I should have known that Cluj, the second largest city in Romania, was going to provide a few digital surprises. And it didn’t fail me. First off, the entrepreneurial driver from the airport immediately volunteered to tether Internet access through his own mobile data — without my even thinking about it. That was most kind and a first for any taxi driver I’ve ever taken. Secondly, it’s clear Cluj — and Romania in general — have great high-speed Internet access. Because of the famous technological leapfrog, their 4G and fiber infrastructure make it a top ten connected country in the world, in a league with countries like South Korea, Scandinavia and Hong Kong. (See DoTheTest) Meanwhile, both UK and US peak internet speeds lag woefully behind. Thirdly, Cluj has 40,000 people working in IT out of a population of just 330,000 (in other words, a huge proportion of the available workforce).
At the same time, Romania is also home to the world’s hub of online stealth, most notably out of the leafy town of Râmnicu Vâlcea, nicknamed “Hackerville.” While attending the TeComm Conference 2017, where I keynoted on how to Futureproof eCommerce sites, I skipped out to make a cultural visit and was entirely surprised by the digital experience at the National Museum of Transylvanian History.
Crafting A Digital Museum Experience
If the topic and the content of the museum is about old artefacts and the long history of Transylvania, the overall size of the museum was truly magnified by the multiple digital experiences that were inserted throughout. I counted 6 different digital experiences.
While QR codes are generally considered a marginal technology, they were broadly present at the museum, including within the displays. Getting a read on them was a bit awkward, especially when they were down by your feet… It might have been optimal to have them available at chest level, affixed on the outside of the case?
It was, all the same, quite the statement of modernity mixed in with antiquity.
Motion Detection Interaction (eg Kinect)
There were two variations of motion detection interactions. The first was on a rather large scale (entire wall) and it was an immersive experience that involved a gamified treasure hunt. You essentially have to go find three objects among the ruins, and after you pick them up, you get to hear about the artefact in hand. I tried to film the experience, but the motion detection required both hands and you had to turn the body in order to instruct the software. As a result, my film efforts were rather unsuccessful. If you’d like to see it, you can check out the film I’ve uploaded onto YouTube here. What I can say is that my efforts gathered quite a crowd that happened to walk in in the middle of my journey. I’m not sure if it was stage fright or the fact that I hadn’t taken of my coat and hat, but by the end of the 3+ minutes, I was actually sweating. Quite unexpected. As for a better understanding of the objects I found, I was barely able to focus on what the machine was telling me.
The second motion detection experience one was far less complex, involving using your hands to pick one object out of a line of objects on either side of the screen and then to use your hands to inspect via a 360 degree inspection. I snapped a quick picture of a lady, clearly intent on figuring out how it worked as much as (more than?) learning about the object “in hand.” I noted that this lady had her tongue sticking out, a signal of her concerted effort I believe!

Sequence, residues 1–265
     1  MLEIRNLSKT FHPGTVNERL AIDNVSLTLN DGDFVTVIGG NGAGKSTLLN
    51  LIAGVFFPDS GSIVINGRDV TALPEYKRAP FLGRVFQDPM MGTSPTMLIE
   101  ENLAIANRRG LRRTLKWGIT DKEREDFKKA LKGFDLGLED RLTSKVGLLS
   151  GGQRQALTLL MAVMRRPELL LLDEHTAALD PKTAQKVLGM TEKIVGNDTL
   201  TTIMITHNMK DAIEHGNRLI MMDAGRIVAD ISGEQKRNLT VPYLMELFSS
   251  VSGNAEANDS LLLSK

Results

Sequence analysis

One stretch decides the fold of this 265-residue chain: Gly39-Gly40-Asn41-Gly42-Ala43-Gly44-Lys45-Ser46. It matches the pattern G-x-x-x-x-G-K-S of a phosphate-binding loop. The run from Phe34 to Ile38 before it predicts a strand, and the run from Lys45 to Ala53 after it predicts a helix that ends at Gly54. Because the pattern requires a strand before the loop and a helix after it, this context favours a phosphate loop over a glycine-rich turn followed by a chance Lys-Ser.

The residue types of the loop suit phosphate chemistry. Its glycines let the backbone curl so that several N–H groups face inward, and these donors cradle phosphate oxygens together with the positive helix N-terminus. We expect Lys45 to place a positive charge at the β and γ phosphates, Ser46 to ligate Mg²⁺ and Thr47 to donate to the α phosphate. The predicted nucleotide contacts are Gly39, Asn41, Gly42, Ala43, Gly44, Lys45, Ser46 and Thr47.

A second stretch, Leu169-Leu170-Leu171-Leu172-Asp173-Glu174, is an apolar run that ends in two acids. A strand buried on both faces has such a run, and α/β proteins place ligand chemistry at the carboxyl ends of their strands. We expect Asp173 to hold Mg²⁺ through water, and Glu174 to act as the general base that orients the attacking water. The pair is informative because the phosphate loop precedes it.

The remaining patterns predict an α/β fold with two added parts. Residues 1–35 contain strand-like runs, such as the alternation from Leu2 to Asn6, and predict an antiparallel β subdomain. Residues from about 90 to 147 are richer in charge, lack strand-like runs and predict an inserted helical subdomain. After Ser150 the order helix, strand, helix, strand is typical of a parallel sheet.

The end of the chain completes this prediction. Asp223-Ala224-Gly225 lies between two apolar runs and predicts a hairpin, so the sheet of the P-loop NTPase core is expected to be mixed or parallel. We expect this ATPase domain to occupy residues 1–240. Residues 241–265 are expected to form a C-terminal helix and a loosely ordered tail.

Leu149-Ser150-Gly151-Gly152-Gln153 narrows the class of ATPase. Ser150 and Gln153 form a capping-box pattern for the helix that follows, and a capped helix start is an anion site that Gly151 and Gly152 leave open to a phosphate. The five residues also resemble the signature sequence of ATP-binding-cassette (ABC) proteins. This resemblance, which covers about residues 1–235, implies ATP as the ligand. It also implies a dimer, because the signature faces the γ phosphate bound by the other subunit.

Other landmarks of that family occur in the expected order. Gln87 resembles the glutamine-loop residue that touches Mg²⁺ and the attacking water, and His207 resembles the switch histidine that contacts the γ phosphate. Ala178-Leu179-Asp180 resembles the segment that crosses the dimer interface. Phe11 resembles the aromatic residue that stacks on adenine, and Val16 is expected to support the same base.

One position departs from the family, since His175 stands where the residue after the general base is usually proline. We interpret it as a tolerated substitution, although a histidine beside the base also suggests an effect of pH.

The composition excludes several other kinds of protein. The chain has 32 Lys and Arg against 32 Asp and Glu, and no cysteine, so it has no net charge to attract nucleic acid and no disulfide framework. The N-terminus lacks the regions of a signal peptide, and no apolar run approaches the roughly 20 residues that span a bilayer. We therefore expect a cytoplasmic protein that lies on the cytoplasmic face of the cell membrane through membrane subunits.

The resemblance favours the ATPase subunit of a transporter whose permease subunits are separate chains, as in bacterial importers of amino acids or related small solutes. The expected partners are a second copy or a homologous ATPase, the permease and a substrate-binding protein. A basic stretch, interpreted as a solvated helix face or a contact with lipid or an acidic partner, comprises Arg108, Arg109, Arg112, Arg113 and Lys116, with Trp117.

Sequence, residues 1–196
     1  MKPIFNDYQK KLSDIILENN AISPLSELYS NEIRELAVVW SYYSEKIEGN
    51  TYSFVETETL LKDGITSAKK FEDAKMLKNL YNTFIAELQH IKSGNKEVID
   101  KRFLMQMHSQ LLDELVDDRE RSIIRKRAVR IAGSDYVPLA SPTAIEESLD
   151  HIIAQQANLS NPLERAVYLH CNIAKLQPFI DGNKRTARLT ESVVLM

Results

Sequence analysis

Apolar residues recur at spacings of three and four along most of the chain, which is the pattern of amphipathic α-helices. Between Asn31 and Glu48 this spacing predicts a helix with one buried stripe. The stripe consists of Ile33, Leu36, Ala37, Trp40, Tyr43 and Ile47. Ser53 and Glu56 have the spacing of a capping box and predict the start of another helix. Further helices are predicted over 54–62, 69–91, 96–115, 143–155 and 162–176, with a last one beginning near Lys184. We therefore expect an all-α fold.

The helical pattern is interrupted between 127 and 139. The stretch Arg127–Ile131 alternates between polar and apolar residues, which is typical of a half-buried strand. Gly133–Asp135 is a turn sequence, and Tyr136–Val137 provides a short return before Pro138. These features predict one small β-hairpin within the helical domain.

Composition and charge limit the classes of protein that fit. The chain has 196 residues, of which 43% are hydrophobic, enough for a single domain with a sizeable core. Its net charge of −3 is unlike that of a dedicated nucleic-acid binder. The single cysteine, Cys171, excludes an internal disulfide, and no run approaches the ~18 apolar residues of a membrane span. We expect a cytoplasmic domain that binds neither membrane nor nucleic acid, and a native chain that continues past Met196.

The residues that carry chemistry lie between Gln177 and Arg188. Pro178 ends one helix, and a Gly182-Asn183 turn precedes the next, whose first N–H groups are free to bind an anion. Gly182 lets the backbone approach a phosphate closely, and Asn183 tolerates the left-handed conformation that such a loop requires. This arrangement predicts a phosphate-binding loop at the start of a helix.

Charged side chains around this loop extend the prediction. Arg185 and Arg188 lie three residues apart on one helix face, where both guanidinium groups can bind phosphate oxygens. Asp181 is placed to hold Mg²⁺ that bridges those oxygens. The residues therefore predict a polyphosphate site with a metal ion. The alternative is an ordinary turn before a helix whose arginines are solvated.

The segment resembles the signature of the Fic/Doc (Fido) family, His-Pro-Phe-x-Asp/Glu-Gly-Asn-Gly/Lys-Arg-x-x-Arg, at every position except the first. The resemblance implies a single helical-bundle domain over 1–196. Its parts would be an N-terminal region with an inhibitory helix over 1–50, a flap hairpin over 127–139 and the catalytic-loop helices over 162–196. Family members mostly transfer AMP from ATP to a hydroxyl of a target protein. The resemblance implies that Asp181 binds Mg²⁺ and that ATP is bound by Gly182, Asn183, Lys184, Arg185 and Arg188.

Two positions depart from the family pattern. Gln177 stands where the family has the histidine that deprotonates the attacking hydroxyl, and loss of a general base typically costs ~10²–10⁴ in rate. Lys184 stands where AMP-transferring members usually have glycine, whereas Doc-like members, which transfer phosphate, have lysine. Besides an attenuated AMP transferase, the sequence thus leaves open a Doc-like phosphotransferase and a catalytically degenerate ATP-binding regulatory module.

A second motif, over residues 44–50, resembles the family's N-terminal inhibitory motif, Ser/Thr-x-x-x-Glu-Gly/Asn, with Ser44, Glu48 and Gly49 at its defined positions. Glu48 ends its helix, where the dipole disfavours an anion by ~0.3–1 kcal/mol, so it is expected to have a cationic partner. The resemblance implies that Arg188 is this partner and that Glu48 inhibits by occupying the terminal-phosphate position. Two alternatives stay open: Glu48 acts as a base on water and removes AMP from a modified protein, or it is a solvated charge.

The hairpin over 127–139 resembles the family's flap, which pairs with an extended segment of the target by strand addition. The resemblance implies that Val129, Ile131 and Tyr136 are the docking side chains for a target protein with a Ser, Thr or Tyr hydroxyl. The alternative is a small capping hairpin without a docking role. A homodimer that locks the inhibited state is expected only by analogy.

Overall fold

Touchscreen Jigsaw Puzzle
I found a group of three women working together to complete a digital jigsaw puzzle for a ruins site. I didn’t check to see if there were other games on offer on this terminal, but the group component of this was what struck me. Not sure if they learned anything though. For digital native kids, meanwhile, it seemed rather primitive. Given the height of the terminal, the kids most likely to consider this as novel might not be able to reach as high.
The Virtual Reality Experience
I’ve probably done over 50 VR experiences by now, so my level of exigency is certainly different from a neophyte. I watched someone go through it first, then I took on the mantle. I donned the VR helmet and a controller on each hand. On top of the controller you have a button to leap forward. Underneath, you have the ability to move your virtual fingers in order to grip. Throughout, the patient man in charge knelt down below to make sure I didn’t trip on the wire and gave the occasional guidance. You have a few objects to find within the site (a Dacian building) and you can pick them and place on small ledges or pedestals.
To be clear, it’s a very first degree experience. For sure, it’s immersive, but the storyline is decidedly empty. Moreover, very quickly you bump into the outer extremities of the environment. Overall, the educational component is quite entirely lost on you without any earphones.
The Dead Terminal
As with any digital experience, there are often bugs. In a corner, my trained eye found a terminal that was defunct, clearly the victim of a malfunction. I’m not sure what it held, but I suspect some kind of point, drag and drop discovery game. Who knows? What one does know is that for any digital experience, one should always expect bugs and create contingency plans. I’ve seen this again and again in retail digital experiences.
In Conclusion: Digital Museum Experience More Than Education
Overall, for a museum, I have to say that the experience was entirely novel. I was delighted by the efforts, and, if nothing else, had the chance to interact with numerous other strangers at the museum. Yes, as you can imagine, I would score the different games as pure gimmick. However, if they are able to leverage some social / media attention around it, maybe they can increase their traffic? And, at 6 lei (1.50E) for the entrance fee, I can say that I got much more for my money than I had bargained for.